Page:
Scam No. 3: Collecting Donations for a Fake Charity

Scammers can take advantage of the holiday spirit by using moving stories to obtain donations to fake charities.

How to avoid fraud

Never make an impulsive donation in response to an advertisement or a social media appeal. Take the time to research charities using resources that monitor and rate nonprofits. For example, Charity Navigator offers the option to search for high-profile charities and has a gift basket feature that lets you donate to multiple charities at once.

What to do if you fall victim

If you have been deceived by a fake charity, report the fraud. The FBI recommends contacting your city's consumer protection department, the FBI Internet Crime Reporting Center, and the Federal Trade Commission. You will probably not get your money back, but you can help the authorities catch the scammer.

Scam No. 4: Message for an item you never ordered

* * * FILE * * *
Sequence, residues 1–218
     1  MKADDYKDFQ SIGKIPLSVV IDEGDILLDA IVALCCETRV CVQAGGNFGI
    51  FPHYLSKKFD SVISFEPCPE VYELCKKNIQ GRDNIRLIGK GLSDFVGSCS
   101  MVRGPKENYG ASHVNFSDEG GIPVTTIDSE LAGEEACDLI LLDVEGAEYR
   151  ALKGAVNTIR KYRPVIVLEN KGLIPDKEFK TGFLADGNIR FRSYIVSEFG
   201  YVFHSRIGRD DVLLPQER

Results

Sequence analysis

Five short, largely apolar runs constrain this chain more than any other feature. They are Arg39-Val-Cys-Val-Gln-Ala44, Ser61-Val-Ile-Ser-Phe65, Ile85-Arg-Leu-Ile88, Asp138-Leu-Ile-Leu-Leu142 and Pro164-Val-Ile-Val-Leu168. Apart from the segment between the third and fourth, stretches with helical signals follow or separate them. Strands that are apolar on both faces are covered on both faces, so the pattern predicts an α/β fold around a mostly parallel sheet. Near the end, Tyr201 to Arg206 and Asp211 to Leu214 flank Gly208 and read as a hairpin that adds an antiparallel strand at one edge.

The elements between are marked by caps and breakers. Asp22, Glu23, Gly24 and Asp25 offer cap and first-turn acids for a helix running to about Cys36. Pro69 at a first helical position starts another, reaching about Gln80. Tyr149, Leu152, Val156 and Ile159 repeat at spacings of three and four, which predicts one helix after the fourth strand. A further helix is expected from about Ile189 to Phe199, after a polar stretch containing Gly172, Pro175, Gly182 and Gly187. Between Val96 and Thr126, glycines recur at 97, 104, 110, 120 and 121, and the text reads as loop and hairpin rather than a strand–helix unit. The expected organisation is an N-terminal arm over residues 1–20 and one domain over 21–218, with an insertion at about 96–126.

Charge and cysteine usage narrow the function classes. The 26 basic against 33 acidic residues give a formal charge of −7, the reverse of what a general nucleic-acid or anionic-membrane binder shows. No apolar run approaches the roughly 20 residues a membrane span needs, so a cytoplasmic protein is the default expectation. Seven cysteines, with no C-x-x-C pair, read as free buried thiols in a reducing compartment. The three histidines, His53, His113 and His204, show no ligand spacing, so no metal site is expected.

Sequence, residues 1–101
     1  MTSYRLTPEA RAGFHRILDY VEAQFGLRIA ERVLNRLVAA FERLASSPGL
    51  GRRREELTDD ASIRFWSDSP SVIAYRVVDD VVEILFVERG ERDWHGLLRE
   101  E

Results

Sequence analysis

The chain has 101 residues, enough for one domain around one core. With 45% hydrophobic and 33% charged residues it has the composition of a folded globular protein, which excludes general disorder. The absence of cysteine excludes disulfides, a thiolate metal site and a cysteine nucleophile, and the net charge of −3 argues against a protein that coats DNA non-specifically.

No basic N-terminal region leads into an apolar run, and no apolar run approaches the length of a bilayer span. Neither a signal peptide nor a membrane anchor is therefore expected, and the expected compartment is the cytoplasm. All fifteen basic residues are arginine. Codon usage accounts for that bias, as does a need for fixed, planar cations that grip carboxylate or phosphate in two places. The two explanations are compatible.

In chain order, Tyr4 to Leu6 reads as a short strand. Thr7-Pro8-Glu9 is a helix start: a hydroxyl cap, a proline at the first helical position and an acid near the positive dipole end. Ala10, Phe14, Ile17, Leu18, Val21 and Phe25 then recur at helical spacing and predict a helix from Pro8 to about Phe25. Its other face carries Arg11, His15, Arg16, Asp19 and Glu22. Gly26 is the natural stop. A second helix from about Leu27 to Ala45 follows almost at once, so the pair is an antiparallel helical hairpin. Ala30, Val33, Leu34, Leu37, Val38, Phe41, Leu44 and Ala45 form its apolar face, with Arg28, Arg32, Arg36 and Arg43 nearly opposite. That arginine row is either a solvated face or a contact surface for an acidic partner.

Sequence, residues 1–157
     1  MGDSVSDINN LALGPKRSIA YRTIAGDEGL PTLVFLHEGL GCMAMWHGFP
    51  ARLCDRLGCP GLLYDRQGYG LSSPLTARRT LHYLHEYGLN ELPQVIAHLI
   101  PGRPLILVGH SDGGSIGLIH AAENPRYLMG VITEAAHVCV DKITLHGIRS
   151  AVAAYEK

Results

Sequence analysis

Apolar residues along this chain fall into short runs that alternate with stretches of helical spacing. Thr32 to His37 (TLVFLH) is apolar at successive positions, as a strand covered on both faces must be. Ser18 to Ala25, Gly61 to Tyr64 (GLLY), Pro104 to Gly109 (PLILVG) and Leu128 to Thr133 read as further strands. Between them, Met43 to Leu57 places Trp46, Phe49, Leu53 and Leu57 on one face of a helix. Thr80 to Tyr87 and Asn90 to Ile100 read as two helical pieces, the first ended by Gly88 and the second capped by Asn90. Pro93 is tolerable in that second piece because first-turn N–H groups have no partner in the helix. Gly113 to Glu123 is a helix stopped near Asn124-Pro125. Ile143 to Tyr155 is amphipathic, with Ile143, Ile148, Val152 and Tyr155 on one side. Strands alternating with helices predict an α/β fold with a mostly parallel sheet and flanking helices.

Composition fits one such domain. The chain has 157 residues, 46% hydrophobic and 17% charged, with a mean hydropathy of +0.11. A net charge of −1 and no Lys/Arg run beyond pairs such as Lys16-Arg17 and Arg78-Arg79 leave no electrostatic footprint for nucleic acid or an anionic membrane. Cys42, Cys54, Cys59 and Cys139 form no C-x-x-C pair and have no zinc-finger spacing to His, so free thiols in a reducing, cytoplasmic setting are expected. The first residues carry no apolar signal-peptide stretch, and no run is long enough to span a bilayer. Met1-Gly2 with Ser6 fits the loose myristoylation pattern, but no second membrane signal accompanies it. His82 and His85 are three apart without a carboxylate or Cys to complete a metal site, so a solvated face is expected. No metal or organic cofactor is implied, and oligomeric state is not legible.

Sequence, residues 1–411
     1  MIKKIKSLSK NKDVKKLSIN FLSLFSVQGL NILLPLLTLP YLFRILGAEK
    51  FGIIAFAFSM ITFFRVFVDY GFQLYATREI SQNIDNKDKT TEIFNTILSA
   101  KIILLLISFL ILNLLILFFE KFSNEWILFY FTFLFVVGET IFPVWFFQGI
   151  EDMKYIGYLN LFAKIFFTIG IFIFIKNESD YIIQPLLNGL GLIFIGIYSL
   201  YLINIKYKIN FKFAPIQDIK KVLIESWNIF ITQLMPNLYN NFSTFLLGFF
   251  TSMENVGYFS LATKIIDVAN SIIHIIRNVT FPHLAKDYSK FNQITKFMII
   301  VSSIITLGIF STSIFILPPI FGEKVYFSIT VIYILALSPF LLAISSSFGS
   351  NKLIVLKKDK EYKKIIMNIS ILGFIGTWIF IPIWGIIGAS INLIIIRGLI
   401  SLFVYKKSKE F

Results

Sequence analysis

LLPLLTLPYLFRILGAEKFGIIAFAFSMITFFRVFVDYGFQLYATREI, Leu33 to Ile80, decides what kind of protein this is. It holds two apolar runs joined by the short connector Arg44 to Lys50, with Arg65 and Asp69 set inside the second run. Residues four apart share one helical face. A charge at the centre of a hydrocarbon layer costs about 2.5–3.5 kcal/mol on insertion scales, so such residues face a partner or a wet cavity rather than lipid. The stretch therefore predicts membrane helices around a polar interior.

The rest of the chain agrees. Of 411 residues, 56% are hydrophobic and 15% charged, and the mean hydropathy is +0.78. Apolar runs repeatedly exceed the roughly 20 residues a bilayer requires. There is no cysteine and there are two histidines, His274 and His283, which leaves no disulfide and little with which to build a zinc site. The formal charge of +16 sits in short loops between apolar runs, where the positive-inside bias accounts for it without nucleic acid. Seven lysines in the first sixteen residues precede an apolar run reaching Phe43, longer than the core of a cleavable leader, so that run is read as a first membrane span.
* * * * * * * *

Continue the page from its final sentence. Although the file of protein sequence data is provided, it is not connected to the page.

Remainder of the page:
Hackers can take advantage of Black Friday shopping to launch a phishing attack. In this case, you may receive an email or other message informing you that there is a problem with an item you ordered. But you do not recognize the item and know that you never ordered it. The message may be an e-mail intended to trick you into clicking on a suspicious link, providing your bank login credentials or giving other personal information to the perpetrator.

How to avoid fraud

If you receive a message about an item you did not order, be smart. The hacker hopes that you will do what he asked you to do. If you are not sure if a message is valid, contact the company through other channels you will find yourself, such as its customer service phone number.

What to do if you fall victim

If you click on a phishing link, do something right away. If you provided login credentials for any site, change your username and password immediately. Choose a unique password that is difficult for anyone to crack, using at least 12 characters with a combination of letters, numbers, and symbols. Also change the PIN number if necessary. Update your software and run a security scan on your devices for malware.

Scam No. 5: The Virtual Shopping Website

In another Black Friday scam, you think you are going to the website of your favorite department store to get some offers, but you mistakenly type the name in the bar of your browser and think you are on the actual site and make a "purchase". . The scammer steals your credit card information to use or sell it and possibly collects other personal information such as your name and address.